On a recent episode of a popular photography podcast, the listener asked a question about turning his photography into a legal business. He said right now he was just earning money but wanted to convert to a legal business. It’s an interesting question, and one I am sure many entrepreneurial photographers ask.
I wanted to provide my own answer to this question, based on years of freelance and business experience. Please bear in mind this answer comes from my own personal experiences in this matter. I am not a lawyer. This answer is also based on the laws of Canada, but I would expect their similar in the US and other similar countries.
There is a short answer; and a longer explanation.
Relating back to the listener’s question, he has no need to convert his business into a legal business. He’s already operating one. That’s the short answer.
Here’s the explanation as I understand it. The moment a person accepts a payment for services rendered (like photography), that money is considered by the Canada Revenue Agency as self-employment income. It must be declared on an annual personal income tax report, and you will be expected to pay all taxes due on that money earned. You are operating a legal business under your personal name. Under Canadian law, you must also collect and remit sales taxes once your gross annual revenue exceeds $30,000 in a calendar year.
If you’re a photographer and you accept money for services, you’re in business. If you receive more than $30,000 per year in revenue, you’d better be charging sales tax on your services and remitting the collected funds to the government.
So, if the listener was operating in Canada, his question is moot.
Now, let’s assume for a moment the listener was asking a slightly different question. Perhaps he is considering registering a business name for his photography and equates that with converting to a legal business. The question then becomes at what point do I register a name for my business?
The answer to this question is whenever you are ready. It’s a simple process if you only intend to operate as a sole proprietorship. This is sometimes also referred to as a trade name.
The important thing to keep in mind is when you convert from earning money in your own name to learning money under a sole proprietorship (or trade name), the status of your business doesn’t change. You’re still a self-employed individual. You’ll be required to claim all business income(or loss) on your personal income tax and you’ll be responsible to remit any taxes due at the end of the year.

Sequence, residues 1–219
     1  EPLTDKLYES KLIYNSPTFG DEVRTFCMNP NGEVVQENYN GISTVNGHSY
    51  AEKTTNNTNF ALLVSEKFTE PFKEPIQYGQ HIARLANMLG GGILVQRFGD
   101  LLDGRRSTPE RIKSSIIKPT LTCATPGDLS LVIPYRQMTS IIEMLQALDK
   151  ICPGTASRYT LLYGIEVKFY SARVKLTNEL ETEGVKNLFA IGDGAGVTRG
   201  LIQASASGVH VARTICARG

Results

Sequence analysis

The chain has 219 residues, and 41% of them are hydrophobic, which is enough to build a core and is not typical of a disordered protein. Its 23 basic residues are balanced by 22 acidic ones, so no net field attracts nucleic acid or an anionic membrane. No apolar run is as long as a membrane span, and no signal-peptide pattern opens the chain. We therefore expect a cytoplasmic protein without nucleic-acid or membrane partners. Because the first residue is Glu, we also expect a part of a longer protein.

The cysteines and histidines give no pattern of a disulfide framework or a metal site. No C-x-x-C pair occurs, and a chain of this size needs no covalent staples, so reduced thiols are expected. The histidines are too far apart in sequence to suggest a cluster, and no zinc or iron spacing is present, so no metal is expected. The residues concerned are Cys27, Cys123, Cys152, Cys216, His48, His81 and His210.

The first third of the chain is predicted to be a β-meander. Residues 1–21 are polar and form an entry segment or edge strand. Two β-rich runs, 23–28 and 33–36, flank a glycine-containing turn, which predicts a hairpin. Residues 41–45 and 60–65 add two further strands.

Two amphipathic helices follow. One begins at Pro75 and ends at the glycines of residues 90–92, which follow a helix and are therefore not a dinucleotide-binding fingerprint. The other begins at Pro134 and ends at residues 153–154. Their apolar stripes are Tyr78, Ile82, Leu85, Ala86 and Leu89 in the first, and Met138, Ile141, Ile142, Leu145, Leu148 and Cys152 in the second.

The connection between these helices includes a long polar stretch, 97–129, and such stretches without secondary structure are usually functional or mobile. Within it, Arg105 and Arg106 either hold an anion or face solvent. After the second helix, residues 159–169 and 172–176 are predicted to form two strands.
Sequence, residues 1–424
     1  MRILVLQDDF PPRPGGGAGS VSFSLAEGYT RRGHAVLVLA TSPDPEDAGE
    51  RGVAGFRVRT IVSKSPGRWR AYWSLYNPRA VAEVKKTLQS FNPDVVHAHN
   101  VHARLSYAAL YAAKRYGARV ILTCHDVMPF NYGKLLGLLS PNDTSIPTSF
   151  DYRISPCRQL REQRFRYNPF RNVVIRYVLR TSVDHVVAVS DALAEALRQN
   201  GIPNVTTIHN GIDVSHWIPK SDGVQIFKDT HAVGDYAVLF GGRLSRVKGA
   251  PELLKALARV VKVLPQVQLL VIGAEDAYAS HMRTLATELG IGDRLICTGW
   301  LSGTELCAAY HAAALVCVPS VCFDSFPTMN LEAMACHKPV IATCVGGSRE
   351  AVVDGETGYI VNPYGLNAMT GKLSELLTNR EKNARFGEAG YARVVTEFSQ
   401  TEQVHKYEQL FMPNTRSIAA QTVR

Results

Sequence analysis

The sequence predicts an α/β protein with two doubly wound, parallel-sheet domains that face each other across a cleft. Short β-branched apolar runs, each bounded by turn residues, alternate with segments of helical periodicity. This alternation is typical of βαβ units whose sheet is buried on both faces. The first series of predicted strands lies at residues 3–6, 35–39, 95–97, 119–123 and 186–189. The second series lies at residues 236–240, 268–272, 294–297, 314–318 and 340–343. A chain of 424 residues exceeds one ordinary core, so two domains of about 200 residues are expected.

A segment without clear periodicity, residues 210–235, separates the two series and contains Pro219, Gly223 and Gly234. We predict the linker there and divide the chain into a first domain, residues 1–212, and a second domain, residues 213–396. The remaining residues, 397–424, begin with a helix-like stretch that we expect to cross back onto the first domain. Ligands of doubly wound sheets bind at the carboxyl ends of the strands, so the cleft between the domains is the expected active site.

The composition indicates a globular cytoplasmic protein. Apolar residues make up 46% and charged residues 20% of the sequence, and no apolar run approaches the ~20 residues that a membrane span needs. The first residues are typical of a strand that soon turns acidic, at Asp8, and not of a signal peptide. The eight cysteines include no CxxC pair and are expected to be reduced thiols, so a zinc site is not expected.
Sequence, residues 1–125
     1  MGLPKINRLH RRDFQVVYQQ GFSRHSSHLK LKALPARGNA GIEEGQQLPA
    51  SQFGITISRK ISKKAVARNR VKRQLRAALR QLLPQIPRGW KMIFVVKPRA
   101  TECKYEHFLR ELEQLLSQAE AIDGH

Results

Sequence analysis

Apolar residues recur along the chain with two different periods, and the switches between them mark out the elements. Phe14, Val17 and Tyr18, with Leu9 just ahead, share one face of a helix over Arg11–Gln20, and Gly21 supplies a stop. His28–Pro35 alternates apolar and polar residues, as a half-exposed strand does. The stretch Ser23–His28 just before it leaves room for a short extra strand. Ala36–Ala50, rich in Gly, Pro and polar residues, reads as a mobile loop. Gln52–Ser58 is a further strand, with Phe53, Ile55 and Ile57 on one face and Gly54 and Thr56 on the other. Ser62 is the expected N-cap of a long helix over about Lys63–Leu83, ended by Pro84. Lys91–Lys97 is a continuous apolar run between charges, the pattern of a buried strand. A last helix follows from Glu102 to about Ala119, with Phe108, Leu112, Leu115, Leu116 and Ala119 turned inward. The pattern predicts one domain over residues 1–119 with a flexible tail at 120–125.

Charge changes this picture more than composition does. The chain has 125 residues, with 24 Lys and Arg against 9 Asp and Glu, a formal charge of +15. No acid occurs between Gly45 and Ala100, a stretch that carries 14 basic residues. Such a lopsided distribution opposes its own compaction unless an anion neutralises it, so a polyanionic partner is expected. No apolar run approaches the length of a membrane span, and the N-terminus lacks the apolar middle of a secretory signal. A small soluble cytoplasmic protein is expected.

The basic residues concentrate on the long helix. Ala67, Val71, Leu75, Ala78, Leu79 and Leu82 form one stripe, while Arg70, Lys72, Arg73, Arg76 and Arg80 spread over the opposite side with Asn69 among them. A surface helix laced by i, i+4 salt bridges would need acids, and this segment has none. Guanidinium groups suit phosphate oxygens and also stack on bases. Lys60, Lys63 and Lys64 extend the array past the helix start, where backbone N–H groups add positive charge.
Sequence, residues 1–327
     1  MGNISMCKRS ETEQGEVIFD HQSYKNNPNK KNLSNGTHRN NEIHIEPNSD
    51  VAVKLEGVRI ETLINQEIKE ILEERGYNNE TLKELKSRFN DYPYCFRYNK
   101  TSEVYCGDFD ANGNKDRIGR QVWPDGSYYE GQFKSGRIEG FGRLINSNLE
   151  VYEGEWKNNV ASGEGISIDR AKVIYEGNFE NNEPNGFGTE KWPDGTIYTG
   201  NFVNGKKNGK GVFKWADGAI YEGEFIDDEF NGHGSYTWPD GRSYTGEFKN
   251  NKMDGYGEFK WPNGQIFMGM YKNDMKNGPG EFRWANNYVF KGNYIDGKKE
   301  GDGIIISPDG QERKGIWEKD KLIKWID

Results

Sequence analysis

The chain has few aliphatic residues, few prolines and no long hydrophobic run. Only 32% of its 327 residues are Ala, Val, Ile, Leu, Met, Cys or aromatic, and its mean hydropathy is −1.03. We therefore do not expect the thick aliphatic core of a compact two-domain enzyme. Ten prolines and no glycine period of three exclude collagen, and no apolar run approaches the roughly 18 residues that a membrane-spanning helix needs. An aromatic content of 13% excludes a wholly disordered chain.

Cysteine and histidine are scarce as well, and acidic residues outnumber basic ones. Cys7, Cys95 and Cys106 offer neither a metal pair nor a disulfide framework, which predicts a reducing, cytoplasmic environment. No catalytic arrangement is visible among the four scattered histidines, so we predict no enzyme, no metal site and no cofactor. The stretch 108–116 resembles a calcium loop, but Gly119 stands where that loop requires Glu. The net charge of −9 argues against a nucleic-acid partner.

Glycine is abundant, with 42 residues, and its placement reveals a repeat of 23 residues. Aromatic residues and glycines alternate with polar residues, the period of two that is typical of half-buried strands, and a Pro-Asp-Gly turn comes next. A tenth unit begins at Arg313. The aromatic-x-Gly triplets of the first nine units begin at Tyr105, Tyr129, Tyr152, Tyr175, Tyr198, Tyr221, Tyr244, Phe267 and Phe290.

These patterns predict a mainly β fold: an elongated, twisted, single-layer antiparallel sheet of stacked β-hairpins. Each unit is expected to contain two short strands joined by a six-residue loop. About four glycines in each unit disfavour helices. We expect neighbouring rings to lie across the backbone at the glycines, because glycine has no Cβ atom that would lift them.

Let’s look at a simplified example:
A nice guy by the name of Steve has a camera. A friend (we’ll call him Fred) takes a liking to the photographs Steve creates and asks him to pop over on Saturday to take some pictures at his kid’s birthday party. Fred offer’s Steve $100 for his time. Steve accepts.
Steve is now a business owner and has landed his first client. He’ll have to claim the $100 on his personal income tax report as self-employment income.
Notice there was no official business registration process. Steve went from ‘guy-with-a-camera’ to ‘photography business owner’ in the amount of time it took for the money to change hands.
Our story continues as other parents who met Steve at the party called to request his services at their kid’s events. Steve is building a reputation as a solid and reliable birthday party photographer. He increases his rates and adds more booking to his calendar. Steve begins to think about taking his photography business more seriously and maybe even setting up a website.
He decides to register ‘Steve’s Party Photography’ as a business name with his provincial government. Steve now has the ability to start conducting business as the sole proprietor of Steve’s Party Photography.
The important thing to keep in mind is all the profit (or loss) from ‘Steve’s Party Photography’ will need to be claimed on Steve’s personal income tax report. If you’re collecting money in return for photography services, you’re already operating a legal business. Choosing to operate under a trade name is a completely optional step, but one that most entrepreneurial photographers choose to take.